Entering Django, again

I’ve been on the move working to find different solutions that will help me develop solutions for my clients in the shortest amount of time with the most flexibility. This is my story.

Some months ago I took Django for a test drive and presented my thoughts on it. Overall it was everything I could want in a web framewor, of course there were some set-backs considering Python was a whole new world to me.

Before and even after Django I dabbled in other solutions as well. I traversed the deluted world of Symphony, CakePHP and Code Ignitor. To be honest though, Code Ignitor by Ellis Labs is hands down the best php framework around. Symfony and CakePHP are great if you have the flexibility to run multiple stacks (i.e, Apache, PHP, application servers, etc…). The most recent flavor is ExpressioEngine also by Ellis Labs. Great CMS for publishers and developers. So much flexibility and ease in getting your data out and into a template or page.

Ruby on Rails was a huge contender considering it has been the most adopted framework out there so far. Everything else seems to pale when it comes to popularity, both server-side and in the developer community. However RoR wanted a full-stack. In my experience most one-man-shops probably don’t need a full-stack unless they are truly building a web application product as opposed to your brochure-ware based projects.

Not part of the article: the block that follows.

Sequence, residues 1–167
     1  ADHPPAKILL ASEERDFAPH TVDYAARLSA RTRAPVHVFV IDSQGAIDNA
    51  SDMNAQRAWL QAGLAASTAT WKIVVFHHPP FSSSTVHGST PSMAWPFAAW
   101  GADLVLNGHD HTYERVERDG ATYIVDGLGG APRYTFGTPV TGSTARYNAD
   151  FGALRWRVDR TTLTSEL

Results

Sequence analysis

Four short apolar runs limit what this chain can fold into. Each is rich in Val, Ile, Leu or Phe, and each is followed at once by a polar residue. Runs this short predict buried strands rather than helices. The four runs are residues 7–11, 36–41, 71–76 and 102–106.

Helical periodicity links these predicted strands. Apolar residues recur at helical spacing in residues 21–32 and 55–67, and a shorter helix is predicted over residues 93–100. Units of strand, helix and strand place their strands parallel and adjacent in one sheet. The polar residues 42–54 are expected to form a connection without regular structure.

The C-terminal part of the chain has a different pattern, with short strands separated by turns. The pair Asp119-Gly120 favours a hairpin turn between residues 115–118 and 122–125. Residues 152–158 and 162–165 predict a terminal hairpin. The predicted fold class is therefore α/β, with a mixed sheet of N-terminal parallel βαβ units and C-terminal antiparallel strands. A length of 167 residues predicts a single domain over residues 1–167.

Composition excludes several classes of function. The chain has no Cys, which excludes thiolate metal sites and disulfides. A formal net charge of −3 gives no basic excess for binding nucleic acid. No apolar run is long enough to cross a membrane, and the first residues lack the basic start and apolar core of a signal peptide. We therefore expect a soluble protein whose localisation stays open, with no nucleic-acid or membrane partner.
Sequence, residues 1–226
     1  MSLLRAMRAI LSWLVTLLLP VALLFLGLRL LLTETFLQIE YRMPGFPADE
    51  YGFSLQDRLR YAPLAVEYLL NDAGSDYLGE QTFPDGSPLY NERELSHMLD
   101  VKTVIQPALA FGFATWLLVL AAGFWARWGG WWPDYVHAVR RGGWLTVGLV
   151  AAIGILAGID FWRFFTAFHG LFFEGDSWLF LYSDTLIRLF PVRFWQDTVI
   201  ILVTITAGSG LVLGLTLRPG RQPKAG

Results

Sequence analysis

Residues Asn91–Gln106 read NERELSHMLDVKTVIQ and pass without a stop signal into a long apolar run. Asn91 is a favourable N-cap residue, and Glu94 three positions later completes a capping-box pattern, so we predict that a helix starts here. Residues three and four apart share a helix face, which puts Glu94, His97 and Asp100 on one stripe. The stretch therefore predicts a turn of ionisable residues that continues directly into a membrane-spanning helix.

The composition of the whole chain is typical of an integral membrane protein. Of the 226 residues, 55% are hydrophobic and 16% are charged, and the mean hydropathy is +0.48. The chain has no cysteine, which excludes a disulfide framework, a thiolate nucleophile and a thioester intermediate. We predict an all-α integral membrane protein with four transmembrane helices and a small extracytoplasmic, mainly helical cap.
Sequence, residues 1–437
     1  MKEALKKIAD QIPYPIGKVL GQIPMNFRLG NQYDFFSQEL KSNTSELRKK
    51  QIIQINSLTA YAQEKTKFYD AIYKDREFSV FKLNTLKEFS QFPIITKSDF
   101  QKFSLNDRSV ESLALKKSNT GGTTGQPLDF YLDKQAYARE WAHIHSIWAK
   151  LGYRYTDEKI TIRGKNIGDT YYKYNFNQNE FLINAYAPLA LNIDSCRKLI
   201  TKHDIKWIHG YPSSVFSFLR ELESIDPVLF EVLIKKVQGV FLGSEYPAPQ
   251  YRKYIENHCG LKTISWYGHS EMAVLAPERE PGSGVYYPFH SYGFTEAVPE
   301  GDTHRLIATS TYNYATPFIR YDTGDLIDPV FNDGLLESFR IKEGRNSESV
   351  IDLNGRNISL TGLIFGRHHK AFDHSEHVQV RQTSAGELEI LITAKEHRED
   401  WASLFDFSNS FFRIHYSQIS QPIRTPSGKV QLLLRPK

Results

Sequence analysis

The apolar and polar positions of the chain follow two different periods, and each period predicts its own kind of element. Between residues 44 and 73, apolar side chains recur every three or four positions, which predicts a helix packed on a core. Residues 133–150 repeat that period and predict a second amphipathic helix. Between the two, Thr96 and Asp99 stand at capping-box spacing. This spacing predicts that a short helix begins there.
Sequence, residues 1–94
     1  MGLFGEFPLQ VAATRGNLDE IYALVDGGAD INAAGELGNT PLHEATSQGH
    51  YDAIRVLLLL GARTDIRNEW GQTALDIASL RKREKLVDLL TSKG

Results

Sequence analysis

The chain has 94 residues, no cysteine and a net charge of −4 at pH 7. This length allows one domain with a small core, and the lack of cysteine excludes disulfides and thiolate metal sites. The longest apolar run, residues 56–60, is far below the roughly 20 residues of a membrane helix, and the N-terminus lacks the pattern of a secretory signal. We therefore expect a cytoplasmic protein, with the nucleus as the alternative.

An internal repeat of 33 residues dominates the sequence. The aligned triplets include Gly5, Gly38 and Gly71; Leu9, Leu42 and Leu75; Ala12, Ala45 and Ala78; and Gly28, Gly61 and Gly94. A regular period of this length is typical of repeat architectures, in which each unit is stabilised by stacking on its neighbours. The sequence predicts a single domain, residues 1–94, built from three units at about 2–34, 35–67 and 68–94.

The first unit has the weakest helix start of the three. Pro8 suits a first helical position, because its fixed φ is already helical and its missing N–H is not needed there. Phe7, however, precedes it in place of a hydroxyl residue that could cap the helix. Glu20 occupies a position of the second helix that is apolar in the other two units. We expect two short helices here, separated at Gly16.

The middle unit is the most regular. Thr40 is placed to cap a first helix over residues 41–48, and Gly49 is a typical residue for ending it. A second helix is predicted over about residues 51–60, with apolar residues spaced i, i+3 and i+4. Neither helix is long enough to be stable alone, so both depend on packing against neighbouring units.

Fuel for the Web Development Process.

After trying out all these different solutions, one fact remained. Django gave me all the flexibility, extensibility and even portability of all the various solutions tried. Template engines, implicitly generated interface for content management, flexibility to build unique solutions around an already stellar content management framework. So I guess this further prolongs the release of my website. Eh, such is life.

So I’m going to settle on Django. End of story.

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